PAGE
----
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Nuisance properties a concern for council members

STEUBENVILLE — Jefferson County public health officials said Tuesday they’ll do what they can to help address problem properties in the city, provided they’re “outside and affecting the public.”

“If someone is choosing to live in filth, we don’t have jurisdiction to go inside the home,” Jefferson County Health Commissioner Andrew Henry explained. “But if it’s affecting (a neighborhood), we can investigate.”

Henry and Environmental Health Director Mark Maragos were at the City Council meeting at the request of City Manager Jim Mavromatis and 3rd Ward Councilman Eric Timmons, who wanted to know what, if anything, they might be able to do to address problems with nuisance properties infested with cockroaches, bedbugs and other vermin.

Timmons told them he’d brought a landlord to council a few weeks ago who was losing tenants because vermin at a neighboring property were making their way to her door.

“I have a property I’ve been dealing with for 15 years,” 4th Ward Councilman Scott Dressel added. “(That individual) lives with and enjoys a wide variety of cockroaches…”

Henry said as long as dirt and cockroaches are contained inside the neighbor’s house there’s nothing anyone can do. But if they’re “outside and making their way to other peoples’ properties, it’s a different situation, it’s affecting other people. Call the health department.”

First Ward Councilwoman Asantewa Anyabwile asked what the county could do to help residents who complain of a neighbor’s house that stinks of garbage so badly they can’t even sit out in their yard, but Maragos said not much.

“We don’t have police authority, if they don’t want to let us on their property or if we go up to their door and they slam it in our face,” he said.

Second Ward Councilman Craig Petrella said dealing with properties disrupting entire neighborhoods is one thing, but he wanted to know how Maragos and his team of inspectors would proceed if they tracked the problem backed to a house and the owner or occupant didn’t want to let them in.

“I would probably get in touch with the city manager,” Maragos said.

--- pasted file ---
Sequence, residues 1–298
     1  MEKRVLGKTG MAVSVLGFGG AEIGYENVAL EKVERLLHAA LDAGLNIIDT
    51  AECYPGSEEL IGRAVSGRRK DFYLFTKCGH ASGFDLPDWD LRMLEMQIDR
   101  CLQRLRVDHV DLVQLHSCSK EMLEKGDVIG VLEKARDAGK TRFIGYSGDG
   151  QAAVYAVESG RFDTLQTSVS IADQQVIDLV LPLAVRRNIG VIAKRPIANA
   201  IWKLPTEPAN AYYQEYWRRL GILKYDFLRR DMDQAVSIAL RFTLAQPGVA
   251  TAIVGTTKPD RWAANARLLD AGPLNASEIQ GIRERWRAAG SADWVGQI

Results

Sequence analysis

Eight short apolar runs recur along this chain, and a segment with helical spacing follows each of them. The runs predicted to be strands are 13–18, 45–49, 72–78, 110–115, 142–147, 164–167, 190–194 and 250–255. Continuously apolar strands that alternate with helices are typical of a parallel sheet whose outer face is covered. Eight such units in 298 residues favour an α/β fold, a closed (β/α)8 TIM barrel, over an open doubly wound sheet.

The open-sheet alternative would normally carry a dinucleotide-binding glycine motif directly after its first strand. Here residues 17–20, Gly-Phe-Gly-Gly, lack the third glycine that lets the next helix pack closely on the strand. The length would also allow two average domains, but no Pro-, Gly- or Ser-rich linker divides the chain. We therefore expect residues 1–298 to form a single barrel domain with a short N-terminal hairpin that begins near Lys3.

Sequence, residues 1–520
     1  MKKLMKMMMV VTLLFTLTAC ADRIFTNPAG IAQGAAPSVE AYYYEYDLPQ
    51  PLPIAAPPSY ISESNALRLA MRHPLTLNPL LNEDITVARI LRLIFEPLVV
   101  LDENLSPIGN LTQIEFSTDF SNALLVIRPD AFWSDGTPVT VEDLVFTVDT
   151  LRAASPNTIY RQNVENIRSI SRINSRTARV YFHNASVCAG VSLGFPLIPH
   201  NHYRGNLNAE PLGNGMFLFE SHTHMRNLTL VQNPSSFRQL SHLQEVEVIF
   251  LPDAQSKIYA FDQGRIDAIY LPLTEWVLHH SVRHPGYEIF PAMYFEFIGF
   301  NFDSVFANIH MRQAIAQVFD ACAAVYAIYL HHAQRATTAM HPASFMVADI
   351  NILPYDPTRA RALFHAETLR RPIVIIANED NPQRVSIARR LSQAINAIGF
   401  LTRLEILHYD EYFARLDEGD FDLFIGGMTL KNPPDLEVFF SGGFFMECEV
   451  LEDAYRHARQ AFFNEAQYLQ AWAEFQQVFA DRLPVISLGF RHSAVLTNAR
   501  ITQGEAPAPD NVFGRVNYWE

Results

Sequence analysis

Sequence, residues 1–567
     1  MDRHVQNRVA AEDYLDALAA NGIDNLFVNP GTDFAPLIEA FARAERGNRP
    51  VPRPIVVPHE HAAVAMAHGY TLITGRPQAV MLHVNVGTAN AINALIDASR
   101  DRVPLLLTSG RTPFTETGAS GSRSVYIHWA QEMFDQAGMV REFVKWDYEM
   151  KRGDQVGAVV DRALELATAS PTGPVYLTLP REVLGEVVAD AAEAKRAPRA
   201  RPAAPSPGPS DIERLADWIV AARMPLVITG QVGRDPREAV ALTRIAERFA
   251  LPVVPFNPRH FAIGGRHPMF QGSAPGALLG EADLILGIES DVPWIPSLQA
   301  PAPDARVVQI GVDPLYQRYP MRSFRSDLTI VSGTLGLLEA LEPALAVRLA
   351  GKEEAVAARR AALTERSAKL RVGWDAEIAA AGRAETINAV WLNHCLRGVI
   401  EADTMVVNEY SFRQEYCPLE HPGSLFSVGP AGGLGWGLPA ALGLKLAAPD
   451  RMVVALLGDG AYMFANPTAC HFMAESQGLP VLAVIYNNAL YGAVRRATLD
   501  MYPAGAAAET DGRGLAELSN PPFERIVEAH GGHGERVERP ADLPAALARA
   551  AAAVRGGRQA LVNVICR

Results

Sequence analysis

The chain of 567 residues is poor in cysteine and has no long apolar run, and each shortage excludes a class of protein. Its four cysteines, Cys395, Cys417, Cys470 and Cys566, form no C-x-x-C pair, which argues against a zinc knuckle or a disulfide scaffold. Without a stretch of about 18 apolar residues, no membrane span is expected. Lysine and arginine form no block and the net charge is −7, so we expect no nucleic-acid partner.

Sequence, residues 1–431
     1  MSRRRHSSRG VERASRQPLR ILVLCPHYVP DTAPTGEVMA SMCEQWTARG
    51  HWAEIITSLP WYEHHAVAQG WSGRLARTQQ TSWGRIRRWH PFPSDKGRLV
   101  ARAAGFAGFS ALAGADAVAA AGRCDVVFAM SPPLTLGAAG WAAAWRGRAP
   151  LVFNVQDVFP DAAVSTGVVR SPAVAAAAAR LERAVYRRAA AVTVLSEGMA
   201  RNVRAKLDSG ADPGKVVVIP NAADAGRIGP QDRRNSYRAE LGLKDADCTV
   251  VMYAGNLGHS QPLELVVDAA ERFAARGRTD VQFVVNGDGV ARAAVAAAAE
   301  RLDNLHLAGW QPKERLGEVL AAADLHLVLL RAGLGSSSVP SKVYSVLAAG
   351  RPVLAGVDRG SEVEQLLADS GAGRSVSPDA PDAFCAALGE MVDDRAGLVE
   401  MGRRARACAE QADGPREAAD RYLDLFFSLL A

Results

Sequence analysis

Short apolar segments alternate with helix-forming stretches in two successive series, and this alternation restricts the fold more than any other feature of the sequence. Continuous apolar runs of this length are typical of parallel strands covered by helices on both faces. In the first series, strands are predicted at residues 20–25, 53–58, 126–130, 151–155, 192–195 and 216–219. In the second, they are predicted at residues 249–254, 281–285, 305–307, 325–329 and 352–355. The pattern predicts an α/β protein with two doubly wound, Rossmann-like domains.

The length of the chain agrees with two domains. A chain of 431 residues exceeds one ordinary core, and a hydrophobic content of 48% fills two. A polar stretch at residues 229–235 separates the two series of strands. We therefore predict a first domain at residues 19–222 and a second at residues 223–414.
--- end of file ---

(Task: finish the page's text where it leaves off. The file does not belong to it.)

“It’s all fluff, no disrespect intended,” Petrella replied. “Our problem is getting in that house and compelling the homeowner to do something, because they are affecting lives. If we can’t get to the source, I think that’s council’s frustration.

“We need to have you guys knock on that door – if they refuse to let you in, go get (the city manager), and see what the problem is, so other property owners around them can have some level of (security) that something is getting done.”

Maragos told council he understands their frustration, adding, “It’s not a Steubenville problem, it’s countywide.”

Petrella, meanwhile, told council he’d “been hammering the city manager about getting the tree on Euclid cut down and getting brush (out). You got it down and, in the process, you also got rid of a car that had West Virginia plates on it. Thank you.”

Mavromatis said the M&R department had three vehicles there, “and the police department took care of the vehicles that needed towed. Neighbors pointed out some vehicles that needed towed and they were very appreciative when the tree was gone.”

Council voted unanimously in favor of the third and final reading of a resolution accepting the amounts and rates as determined by the Budget Commission and authorizing the necessary tax levies and certifying them to the county, and also passed emergency legislation authorizing the purchase of new Motorola radio equipment for the police and fire department.

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